Chelsea and Dakota didn’t plan to spend two-and-a-half years on the road. It just happened.
The way they tell it, one day they were living in a 1904 bungalow in the Hawthorne neighborhood of Portland, Oregon. The next thing they knew, they were making their way south along the Oregon coast in a juiced up Sprinter van with a mobile hotspot.
Their reasons for uprooting and living in the van—which began as a 4-month trip—went beyond the lure of adventure and freedom. Dakota and Chelsea knew life on the road would help them rethink how they used their time, cultivated personal relationships, and valued possessions.
Turns out they were right. Living in a 6-by-12-foot space on wheels spurred plenty of insights.
Sharing their story
In the fall of 2013, Dakota launched a blog called Traipsing About, so he could share updates and observations about life on the road. Dakota wrote the posts and took the pictures, and Chelsea edited his words. Their story has been unfolding there ever since.
There was the post about how he fixed up the van and why he and Chelsea chose to have the adventure. They chronicled how they spent time in nature and introduced the characters they met along the way.
They noticed how living a mobile life changed them.
“I used to be kind of nervous about meeting strangers,” Chelsea says. “I was cautious.” Suddenly she found it easy to connect with anyone, even without small talk. “You go deep immediately,” she says. “What do you care about? What are you interested in?”
Going by bike
In 2014, the couple took their nomadic life to the next level when they parked their van at Dakota’s parents’ house in Idaho, and started riding their bicycles across the U.S.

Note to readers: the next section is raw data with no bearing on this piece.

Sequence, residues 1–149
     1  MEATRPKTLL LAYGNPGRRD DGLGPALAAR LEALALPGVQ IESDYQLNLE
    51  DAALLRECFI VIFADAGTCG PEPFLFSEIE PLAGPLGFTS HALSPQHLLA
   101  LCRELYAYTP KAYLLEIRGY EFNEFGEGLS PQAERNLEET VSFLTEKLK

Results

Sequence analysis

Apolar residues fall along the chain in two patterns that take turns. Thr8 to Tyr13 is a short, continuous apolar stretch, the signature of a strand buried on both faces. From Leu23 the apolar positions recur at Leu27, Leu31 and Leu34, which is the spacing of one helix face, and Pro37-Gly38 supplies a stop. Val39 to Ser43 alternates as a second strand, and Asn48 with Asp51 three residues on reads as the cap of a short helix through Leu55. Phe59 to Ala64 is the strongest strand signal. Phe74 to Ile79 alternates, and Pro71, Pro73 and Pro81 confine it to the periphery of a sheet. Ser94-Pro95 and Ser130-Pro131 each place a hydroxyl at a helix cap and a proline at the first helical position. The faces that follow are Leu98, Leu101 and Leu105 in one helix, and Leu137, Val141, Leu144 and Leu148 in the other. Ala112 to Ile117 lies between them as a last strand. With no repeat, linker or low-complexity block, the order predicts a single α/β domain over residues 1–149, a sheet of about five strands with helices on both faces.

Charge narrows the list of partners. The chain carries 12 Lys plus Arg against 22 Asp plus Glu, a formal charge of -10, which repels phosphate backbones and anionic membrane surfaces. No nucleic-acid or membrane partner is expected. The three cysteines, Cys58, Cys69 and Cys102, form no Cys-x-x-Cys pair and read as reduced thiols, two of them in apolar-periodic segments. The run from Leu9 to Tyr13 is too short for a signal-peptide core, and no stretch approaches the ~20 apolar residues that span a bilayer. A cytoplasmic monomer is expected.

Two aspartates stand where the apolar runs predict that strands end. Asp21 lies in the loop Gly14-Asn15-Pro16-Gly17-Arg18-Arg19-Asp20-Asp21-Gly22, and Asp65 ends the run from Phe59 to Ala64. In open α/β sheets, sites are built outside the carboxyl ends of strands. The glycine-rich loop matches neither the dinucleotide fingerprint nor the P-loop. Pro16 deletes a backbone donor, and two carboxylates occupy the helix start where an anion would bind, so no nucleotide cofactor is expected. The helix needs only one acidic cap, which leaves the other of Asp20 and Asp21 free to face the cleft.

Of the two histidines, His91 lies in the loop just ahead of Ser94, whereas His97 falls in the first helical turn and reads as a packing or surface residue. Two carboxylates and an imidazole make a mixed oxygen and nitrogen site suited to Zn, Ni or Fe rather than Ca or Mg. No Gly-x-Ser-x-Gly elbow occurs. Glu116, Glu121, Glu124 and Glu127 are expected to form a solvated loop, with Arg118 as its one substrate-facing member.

They rode 4,000 miles that summer, a trip that included moments Dakota says he’ll never forget. Like the time they placed flowers on the graves of Chelsea’s paternal great-grandparents in Iowa. And the surprise flight in a 1946 Piper Cub seaplane in upstate New York.
The next summer, Chelsea and Dakota loaded up their bicycles again, and rode from London to Prague. While they were in Belgium, Chelsea commented on the Bruges Vegan blog, and the bloggers invited them to come stay in their picturesque home in the countryside.
Curating their digital tools
Not only did technology help them connect with new people and stay in touch, it allowed them to keep up with other parts of their lives.
Dakota continued to run his business from the road, thanks to what Chelsea calls a carefully curated set of digital tools. In addition to the wireless hotspot, Dakota installed solar panels on the van to keep his laptop running and used everything from visual voicemail to digital signing software.
“Our life wouldn’t have been possible a handful of years ago,” Chelsea says. “We are so grateful for the technology we have now.”
One Traipsing About post talked about how Cozy was an essential tool that helped them keep their “passive income more passive.”
Landlording from the road